City officials condemned a viral video that captured a Baltimore Police sergeant being kicked by onlookers as he struggled to restrain a male on the ground Friday night.
“I am outraged, as any resident of Baltimore should be, by this incident,” Commissioner Michael Harrison said in a statement Saturday. “We cannot, and will not, allow any member of the public, or one of our officers, to be assaulted. We are now working to identify everybody involved and, when we do, they will be prosecuted to the fullest extent of the law.”
Harrison said that just before midnight, a sergeant was doing a business check in the 1500 block of Pennsylvania Avenue when a person in the business became argumentative with the sergeant and spat in his face.
A video that appears to capture the aftermath shows the officer straddling a male, attempting to arrest him, as a group of bystanders surround the officer, some of whom then kick the officer. Another person in the crowd can be seen attempting to pull the male away from the officer, dragging the male as the officer continues to restrain him.
Police arrested one person and are attempting to identify the onlookers who kicked the officer, Harrison said.
“What we saw was appalling, unnecessary, and downright criminal," Harrison said to news media representatives Saturday before walking through businesses on Pennsylvania Avenue with Mayor Bernard C. “Jack” Young.
“That’s an assault on a police officer. That is not going to be tolerated,” Young said.
In a tweet earlier Saturday, Council President Brandon Scott said he notified the commissioner of the incident and called the behavior in the video “unacceptable."
“Interfering with an arresting officer is a line that should not be crossed," he said.
Harrison said he believes the officer acted appropriately.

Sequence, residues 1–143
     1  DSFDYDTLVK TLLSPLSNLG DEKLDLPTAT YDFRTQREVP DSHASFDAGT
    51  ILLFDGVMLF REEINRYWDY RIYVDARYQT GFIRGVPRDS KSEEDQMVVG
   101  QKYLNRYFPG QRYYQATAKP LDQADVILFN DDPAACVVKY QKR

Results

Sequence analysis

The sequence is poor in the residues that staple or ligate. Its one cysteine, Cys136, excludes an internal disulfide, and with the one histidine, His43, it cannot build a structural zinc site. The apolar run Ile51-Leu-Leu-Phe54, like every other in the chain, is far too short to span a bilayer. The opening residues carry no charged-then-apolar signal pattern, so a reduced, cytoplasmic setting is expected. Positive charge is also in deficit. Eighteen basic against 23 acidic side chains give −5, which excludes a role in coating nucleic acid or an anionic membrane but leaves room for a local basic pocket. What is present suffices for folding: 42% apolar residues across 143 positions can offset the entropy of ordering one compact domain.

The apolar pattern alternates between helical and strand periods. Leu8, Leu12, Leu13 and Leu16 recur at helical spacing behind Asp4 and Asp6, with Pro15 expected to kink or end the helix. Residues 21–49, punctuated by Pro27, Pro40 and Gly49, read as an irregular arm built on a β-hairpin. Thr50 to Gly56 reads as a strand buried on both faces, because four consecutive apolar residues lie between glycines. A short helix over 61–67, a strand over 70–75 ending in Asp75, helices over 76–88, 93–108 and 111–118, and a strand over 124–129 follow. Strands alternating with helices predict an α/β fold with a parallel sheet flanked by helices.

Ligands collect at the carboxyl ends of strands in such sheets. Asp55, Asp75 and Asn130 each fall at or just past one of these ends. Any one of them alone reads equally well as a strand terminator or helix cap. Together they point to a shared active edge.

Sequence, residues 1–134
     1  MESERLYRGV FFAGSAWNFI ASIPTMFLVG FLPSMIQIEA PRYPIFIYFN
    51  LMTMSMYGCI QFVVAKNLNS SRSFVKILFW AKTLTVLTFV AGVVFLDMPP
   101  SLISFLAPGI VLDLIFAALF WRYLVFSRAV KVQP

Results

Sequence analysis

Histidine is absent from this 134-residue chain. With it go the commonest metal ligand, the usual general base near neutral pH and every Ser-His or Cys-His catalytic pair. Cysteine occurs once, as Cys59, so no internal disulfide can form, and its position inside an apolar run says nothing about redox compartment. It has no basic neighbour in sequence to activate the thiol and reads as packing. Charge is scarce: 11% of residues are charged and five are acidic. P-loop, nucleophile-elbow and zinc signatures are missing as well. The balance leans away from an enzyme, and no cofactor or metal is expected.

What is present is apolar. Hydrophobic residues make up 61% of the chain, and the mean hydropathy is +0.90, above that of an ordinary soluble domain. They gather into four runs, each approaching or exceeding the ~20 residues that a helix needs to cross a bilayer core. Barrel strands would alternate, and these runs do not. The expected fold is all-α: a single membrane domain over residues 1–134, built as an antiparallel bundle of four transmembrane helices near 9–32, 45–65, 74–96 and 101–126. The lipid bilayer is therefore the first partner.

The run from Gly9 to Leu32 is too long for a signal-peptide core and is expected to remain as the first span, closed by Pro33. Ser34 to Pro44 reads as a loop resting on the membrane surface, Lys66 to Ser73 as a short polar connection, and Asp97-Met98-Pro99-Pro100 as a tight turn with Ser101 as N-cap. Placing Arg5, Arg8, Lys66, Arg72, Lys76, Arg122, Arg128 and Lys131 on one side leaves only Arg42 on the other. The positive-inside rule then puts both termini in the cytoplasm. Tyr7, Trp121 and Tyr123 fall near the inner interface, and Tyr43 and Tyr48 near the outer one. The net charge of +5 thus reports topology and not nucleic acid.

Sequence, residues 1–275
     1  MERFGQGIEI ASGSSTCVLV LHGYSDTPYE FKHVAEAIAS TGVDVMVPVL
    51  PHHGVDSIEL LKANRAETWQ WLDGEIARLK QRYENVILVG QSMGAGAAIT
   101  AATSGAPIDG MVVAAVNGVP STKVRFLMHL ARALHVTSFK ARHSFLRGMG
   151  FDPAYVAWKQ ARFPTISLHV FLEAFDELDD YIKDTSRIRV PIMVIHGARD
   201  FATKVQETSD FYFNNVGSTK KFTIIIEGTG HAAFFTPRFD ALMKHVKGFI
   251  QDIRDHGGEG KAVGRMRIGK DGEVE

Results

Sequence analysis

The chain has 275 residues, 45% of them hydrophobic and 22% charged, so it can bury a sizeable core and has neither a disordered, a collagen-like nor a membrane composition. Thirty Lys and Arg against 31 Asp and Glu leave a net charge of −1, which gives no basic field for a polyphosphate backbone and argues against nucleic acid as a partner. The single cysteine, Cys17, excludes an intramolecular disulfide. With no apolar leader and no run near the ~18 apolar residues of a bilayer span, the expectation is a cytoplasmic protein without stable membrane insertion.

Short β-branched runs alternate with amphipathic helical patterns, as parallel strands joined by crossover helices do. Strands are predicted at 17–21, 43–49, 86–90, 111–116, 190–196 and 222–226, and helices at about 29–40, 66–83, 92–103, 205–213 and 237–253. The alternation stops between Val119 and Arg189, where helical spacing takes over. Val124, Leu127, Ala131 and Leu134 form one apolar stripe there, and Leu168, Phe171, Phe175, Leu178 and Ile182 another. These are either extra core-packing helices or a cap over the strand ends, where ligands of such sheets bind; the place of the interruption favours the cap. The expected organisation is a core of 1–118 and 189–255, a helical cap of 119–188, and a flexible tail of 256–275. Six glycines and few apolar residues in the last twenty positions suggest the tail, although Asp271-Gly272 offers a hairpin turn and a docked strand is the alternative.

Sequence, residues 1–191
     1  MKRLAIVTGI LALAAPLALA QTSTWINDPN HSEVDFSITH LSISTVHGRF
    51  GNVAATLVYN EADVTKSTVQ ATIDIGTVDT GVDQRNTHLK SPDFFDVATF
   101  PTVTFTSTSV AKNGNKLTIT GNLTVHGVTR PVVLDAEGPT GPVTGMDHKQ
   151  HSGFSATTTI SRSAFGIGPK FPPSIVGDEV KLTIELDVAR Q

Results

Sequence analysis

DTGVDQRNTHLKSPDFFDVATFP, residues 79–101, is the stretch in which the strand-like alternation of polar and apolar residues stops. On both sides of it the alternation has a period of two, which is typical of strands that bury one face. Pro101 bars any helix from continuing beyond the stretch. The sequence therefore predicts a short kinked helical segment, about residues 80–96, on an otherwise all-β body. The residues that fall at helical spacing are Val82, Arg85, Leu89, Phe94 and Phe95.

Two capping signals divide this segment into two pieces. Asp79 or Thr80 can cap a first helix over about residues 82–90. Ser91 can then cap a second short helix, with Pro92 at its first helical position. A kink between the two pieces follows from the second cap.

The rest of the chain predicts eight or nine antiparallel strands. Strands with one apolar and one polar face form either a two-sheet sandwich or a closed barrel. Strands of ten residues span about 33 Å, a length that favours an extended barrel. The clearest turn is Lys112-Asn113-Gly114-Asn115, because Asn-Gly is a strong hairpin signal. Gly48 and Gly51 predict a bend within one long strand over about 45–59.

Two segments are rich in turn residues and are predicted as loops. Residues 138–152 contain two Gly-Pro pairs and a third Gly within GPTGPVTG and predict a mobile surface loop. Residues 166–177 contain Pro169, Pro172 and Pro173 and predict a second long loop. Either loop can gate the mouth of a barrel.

“Based on our preliminary review of the incident, the sergeant did nothing to provoke the assault, and the sergeant should be commended for using the appropriate amount of force to apprehend his assailant,” he said.
State’s Attorney Marilyn J. Mosby also expressed outrage at the video.
“I am disgusted by the blatant assault against the police officer in the video, and my office will work with BPD to bring the perpetrators to justice,” she said in a statement to The Baltimore Sun. “Violence has no place, against anyone. Period.”
Harrison said the sergeant is assigned to the Southern District and was working overtime when the incident occurred. He said the officer’s body camera was not activated during the incident.
Maryland Gov. Larry Hogan said late Saturday he is “appalled and disgusted” by the incident.
“Our administration is providing unprecedented state resources to combat the crime epidemic in Baltimore, but this requires an all-hands-on-deck approach,” he said. “It is time we all stand together, and it is time city leaders and legislative leaders join our efforts to take our communities back.”
Sgt. Mike Mancuso, president of the Fraternal Order of Police Lodge 3, said in a statement to The Baltimore Sun that the sergeant “is a little banged up and recovering."
Mancuso’s statement said the video reflects broader problems facing officers on the job, including what he called restrictive policies by a federal consent decree and Mosby’s office’s “activist” agenda. Mosby’s office has had a tense relationship with the union since her office charged six officers in 2015 after the arrest and death of West Baltimore resident Freddie Gray. His death later sparked days of protest and a night of rioting.
The video is "a perfect example where the consent decree and overbearing policies and an activist state’s attorney has gotten law enforcement in Baltimore,” Mancuso said.
Two years after Gray’s death and a U.S. Department of Justice civil rights investigation, the city entered into a consent decree that requires the department to implement widespread policing reforms. Work on the consent decree to date has centered on creating policy, and reforms are expected to be implemented this year.
In response, Mosby said she was disappointed by the FOP’s "continued inappropriate political rhetoric, fanning the very flames they then call on me to put out. Their responses are relentlessly divisive, and they seem to lose no opportunity to misplace blame. "
She continued, “Our city desperately deserves better and needs to move past such divisive rhetoric, and hypocritical finger-pointing.”
When asked about the union’s concerns, Young responded, “I’m sick and tired of what the FOP is saying when they should be out here with these brave men and women patroling these streets instead of sitting behind a desk criticizing a plan that’s working.”
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Before the freezing rain began Saturday afternoon, Young and Harrison walked to several stores on Pennsylvania Avenue and shook hands with employees and customers.